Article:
Organizations receiving funding from the NIH must have policies and procedures in place to ensure that any agreements entered into with third parties are consistent with the terms and conditions of their NIH funding award, including the provision of intellectual property rights to the NIH, and that third parties are informed of the NIH requirements [see the NIH Grants Policy Statement for guidance (http://grants.nih.gov/grants/policy/policy.htm)]. Therefore, to remain in compliance with the NIH award, you will need to revise any third-party agreements that are inconsistent with the terms and conditions of an NIH award. For guidance, see “Developing Sponsored Research Agreements: Considerations for Recipients of NIH Research Grants and Contracts” (http://grants.nih.gov/grants/guide/notice-files/NOT94-327.html) and “Intellectual Property Reporting for NIH Grantees That Also Have Involvement with the Veterans Administration” (http://grants.nih.gov/grants/guide/notice-files/NOT-OD-01-033.html). You must seek appropriate approval from the NIH should you wish to waive or assign title to another party. Finally, you must ensure that rights to inventions arising out of NIH funding agreements are properly assigned to the institution in order to fulfill your responsibilities under the funding agreement.
Investigators may request funding from NIH to defray reasonable costs associated with the sharing of model organisms and related research resources. Such funding may cover the costs of sharing under the investigator’s auspices, or costs associated with the transfer of model organisms and resources to repositories whose goal is to distribute organisms broadly to the research community. Recipients of NIH funding also can recover the costs associated with sharing including shipping expenses as a reasonable charge to the recipient. However, charges in excess of associated costs incurred on the NIH grant(s) need to be reported as program income. (See NIH Grants Policy Statement http://grants.nih.gov/grants/policy/nihgps_2003/index.htm). Managing program income is complex and would require involvement of your office of sponsored programs or technology transfer office.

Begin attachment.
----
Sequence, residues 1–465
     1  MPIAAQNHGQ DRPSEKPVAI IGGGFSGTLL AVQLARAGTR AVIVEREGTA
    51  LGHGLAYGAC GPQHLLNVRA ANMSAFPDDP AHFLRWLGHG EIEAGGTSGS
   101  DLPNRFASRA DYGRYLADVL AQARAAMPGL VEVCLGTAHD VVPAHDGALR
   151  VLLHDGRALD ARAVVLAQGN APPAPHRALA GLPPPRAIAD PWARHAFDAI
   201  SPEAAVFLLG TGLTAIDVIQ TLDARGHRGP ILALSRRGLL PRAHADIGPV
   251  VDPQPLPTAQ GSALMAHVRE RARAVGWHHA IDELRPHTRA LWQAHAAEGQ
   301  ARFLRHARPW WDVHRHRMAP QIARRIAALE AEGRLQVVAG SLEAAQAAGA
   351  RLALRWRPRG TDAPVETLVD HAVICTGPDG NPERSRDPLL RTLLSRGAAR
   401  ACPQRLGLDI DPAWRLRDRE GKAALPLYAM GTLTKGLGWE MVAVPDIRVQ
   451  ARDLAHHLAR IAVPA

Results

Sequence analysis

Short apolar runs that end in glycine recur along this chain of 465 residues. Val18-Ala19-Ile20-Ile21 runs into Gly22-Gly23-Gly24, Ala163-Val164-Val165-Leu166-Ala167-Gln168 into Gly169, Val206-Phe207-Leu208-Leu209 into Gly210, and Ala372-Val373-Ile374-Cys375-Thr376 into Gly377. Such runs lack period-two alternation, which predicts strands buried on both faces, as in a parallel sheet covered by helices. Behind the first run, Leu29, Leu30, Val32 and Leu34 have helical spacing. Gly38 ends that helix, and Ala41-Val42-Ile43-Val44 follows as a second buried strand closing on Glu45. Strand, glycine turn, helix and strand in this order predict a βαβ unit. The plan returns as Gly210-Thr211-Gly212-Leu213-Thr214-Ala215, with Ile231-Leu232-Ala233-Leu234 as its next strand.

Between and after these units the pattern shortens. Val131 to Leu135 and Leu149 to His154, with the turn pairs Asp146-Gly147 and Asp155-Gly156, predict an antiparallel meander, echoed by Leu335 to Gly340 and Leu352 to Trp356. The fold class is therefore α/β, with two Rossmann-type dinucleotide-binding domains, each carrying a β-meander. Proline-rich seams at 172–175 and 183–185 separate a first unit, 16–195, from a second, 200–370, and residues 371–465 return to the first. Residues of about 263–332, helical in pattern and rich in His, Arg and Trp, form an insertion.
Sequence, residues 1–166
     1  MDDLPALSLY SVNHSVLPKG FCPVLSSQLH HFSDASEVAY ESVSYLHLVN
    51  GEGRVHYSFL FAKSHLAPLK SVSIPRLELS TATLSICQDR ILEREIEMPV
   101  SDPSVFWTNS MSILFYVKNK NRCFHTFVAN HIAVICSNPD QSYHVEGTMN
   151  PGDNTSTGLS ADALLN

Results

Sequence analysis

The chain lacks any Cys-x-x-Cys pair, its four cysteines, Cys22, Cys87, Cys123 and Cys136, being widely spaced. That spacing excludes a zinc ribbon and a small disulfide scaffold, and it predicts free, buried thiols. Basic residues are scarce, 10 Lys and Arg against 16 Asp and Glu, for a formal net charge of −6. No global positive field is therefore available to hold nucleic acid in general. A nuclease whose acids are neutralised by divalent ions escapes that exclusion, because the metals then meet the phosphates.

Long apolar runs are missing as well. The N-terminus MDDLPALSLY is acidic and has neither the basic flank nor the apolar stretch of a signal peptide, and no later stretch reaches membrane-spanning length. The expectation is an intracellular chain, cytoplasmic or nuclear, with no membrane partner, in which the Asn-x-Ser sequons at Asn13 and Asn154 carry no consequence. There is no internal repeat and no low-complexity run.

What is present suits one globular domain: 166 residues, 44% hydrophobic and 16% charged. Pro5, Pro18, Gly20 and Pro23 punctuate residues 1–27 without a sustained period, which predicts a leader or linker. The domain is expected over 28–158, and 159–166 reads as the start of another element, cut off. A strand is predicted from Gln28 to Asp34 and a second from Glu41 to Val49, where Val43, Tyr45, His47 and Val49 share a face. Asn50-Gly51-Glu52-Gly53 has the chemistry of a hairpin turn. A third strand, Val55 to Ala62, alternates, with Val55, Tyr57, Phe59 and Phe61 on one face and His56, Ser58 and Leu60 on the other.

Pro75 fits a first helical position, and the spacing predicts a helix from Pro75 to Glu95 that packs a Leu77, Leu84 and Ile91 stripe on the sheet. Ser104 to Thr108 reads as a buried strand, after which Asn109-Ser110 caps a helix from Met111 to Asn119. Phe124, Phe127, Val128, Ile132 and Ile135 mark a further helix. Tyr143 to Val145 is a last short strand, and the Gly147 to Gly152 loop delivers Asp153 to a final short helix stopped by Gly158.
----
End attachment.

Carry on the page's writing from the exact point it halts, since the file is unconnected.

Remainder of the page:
Companies receiving NIH funding, including SBIR or STTR awards, are expected to include a sharing plan if new, genetically modified model organisms and related resources are to be created, or state why such sharing is restricted or not possible. Because reproducibility is a key tenet of science, the sharing of model organisms for research purposes is extremely important to the NIH. There must be compelling reasons why sharing must be restricted or is not possible.
NIH policy encourages the wide availability of resources developed with NIH funding. Organisms and resources may be made widely available through nonexclusive or exclusive patent licensing, and your company or another distributor may sell the invention to the research community in a manner that promotes widespread distribution and reasonable accessibility. Any program income must be reported to NIH (See NIH Grants Policy Statement http://grants.nih.gov/grants/policy/nihgps_2003/index.htm